Primary Care Continuity Associated with Reduced ED Use and Hospitalizations in California

Given concerns that extending health insurance coverage to millions of previously uninsured Americans would give rise to increased use of ED and hospital services, researchers sought to determine whether continuity with a regular source of primary care was associated with lower use of these services. They relied on data on previously uninsured adults in Orange County, Calif., who, as part of the state’s Health Care Coverage Initiative, gained access to a safety net–based provider network and a defined package of covered benefits beginning in 2007. They found that after the Orange County program required participants to select and use a primary care provider, those who were adherent to the provider had a higher probability of having no ED visits and no hospitalizations compared with those who were never adherent. N. Pourat, A. C. Davis, X. Chen et al., “In California, Primary Care Continuity Was Associated with Reduced Emergency Department Use and Fewer Hospitalizations,” Health Affairs, July 2015 34(7):1113–20.

Medical Home Transformation Linked to Organizational Factors and Change Strategies

A study of the first 132 primary care practices in Minnesota to achieve medical home certification found that 80 percent to 100 percent of these certified clinics had 15 of the 18 organizational factors important for improving care processes and that 60 percent to 90 percent had successfully used 16 improvement strategies. Prioritizing change and use of more strategies were predictive of greater transformation. The authors note clinics contemplating medical home implementation should consider the factors and strategies identified and be sure that such a change is a high priority for them. L. I. Solberg, L. H. Stuck, A. L. Crain et al., “Organizational Factors and Change Strategies Associated with Medical Home Transformation,” American Journal of Medical Quality, July/August 2015 30(4):337–44.

State Leadership in Health Care Transformation: Opportunities and Challenges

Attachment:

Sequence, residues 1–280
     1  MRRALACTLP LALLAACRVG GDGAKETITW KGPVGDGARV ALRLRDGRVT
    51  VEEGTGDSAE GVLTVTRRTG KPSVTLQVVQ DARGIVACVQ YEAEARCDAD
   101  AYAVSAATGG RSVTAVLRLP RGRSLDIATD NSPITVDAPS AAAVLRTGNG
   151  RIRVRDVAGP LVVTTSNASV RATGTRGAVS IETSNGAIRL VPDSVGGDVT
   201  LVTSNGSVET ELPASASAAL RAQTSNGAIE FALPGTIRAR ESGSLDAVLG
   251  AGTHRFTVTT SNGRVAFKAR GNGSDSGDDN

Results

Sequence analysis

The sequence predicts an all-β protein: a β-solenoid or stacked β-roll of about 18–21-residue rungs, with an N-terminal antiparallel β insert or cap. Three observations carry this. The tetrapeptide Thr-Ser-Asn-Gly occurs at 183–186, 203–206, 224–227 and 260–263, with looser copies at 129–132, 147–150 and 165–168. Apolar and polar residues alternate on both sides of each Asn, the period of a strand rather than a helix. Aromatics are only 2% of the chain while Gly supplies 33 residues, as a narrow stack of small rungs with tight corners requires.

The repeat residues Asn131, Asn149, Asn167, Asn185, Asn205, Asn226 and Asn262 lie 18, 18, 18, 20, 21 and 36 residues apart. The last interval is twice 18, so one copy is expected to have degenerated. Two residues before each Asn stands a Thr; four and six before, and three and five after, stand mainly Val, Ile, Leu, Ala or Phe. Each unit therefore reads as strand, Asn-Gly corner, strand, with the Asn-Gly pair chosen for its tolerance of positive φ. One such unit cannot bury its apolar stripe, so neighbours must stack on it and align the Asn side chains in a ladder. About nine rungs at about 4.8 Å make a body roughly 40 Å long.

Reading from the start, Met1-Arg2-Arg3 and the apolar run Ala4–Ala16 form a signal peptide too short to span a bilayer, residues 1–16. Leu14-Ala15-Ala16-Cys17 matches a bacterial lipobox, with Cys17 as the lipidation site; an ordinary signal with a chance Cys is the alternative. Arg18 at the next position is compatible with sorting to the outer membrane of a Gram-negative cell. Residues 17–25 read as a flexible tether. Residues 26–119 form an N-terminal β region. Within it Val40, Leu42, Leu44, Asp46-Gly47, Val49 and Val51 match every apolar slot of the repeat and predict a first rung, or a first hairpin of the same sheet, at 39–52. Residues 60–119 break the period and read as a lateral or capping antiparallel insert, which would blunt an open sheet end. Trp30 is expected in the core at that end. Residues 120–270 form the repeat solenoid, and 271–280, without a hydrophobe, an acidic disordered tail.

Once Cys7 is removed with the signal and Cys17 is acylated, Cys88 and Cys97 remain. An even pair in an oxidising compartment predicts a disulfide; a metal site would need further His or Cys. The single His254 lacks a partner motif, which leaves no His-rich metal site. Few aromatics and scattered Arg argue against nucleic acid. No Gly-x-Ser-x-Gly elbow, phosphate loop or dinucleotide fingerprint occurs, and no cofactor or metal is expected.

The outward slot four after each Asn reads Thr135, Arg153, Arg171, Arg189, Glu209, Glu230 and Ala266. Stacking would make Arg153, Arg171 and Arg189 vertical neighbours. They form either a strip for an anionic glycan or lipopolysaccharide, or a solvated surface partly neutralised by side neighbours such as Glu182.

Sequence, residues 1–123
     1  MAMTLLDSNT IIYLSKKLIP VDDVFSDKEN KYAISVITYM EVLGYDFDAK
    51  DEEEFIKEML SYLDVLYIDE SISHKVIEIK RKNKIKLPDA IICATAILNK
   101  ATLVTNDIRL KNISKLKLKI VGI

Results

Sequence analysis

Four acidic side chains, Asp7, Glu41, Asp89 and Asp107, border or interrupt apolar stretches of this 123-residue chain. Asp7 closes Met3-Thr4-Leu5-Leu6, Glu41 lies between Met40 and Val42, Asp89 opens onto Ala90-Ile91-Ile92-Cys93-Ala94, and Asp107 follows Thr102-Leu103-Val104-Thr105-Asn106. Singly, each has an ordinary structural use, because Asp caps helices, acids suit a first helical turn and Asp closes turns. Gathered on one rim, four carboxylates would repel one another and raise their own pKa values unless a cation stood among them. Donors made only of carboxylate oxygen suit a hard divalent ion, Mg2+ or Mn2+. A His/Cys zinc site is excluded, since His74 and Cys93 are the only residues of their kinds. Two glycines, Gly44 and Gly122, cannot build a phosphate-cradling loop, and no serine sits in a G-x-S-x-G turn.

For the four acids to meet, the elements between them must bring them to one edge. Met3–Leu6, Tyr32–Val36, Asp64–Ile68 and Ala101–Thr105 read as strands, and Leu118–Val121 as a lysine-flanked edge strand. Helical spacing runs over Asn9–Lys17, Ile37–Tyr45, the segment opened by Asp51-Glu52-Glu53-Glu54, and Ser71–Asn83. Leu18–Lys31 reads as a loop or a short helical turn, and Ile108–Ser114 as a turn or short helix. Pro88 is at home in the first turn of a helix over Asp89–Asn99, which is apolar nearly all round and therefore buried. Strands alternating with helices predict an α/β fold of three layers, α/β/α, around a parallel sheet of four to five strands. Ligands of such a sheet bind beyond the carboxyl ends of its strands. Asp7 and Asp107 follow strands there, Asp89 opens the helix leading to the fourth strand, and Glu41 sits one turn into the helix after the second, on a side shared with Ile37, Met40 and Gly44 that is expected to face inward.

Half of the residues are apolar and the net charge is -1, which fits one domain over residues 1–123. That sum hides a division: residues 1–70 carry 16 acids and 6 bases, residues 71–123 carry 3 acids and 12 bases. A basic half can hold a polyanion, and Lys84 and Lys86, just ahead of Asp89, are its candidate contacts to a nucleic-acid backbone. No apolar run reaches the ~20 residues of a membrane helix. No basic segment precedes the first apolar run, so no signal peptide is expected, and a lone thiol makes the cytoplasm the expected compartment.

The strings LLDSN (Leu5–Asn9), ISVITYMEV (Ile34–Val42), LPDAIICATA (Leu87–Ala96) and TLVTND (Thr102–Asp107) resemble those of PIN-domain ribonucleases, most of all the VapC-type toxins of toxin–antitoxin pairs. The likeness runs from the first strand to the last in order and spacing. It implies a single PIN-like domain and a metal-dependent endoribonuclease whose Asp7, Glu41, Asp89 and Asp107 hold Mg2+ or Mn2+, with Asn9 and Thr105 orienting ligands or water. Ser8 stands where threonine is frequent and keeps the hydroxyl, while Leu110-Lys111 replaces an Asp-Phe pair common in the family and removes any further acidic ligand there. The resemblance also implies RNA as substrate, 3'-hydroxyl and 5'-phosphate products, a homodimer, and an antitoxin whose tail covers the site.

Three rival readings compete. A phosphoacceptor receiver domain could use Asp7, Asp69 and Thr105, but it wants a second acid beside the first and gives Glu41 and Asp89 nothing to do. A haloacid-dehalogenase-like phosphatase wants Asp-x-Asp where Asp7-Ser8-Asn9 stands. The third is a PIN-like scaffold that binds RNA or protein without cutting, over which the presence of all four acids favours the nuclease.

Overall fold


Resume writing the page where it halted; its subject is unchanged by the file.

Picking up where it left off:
In this commentary, the authors describe the increasingly important role states play in health care reform—as purchasers of services through the Medicaid program, as providers of health care services, as collectors of data, as grantees of federal funding for experimentation, and as conveners of business leaders, health care executives, and patient advocates. They note not all states are leveraging the opportunities available and face certain challenges. It can be difficult to align competing goals, for instance, for cost containment, population health, and care of high-need populations. States also need support from the federal government on payment and regulatory issues. Another challenge is ensuring leadership changes in executive and legislative branches of government do not derail reform efforts. A. Hwang, J. M. Sharfstein, and C. F. Koller, “State Leadership in Health Care Transformation: Red and Blue,” Journal of the American Medical Association, July 28, 2015 314(4):349–50.

Consumers Uninterested in Practice-Level Physician Ratings

Researchers studying consumers’ understanding of and interest in practice-level physician quality ratings conducted four focus groups—half with individuals who had a chronic illness and half with individuals who did not. They found most consumers correctly understand the concept of a physician practice, but exhibited little interest in practice-level characteristics, preferring instead information about their personal doctor. They also found that understanding of and interest in practice-level quality does not differ by chronic disease status. The authors recommend additional work to design, develop, and test promotional and educational materials to highlight the relevance of practice-level characteristics for consumer decision-making. B. Smith, W. D. Lynch, C. Markow et al., “Consumers’ Understanding of and Interest in Provider- Versus Practice-Level Quality Characteristics: Findings from a Focus Group Study,” American Journal of Medical Quality, July/August 2015 30(4):367–73.

Ambulatory Care–Sensitive Readmission Rates Vary by Professional Networks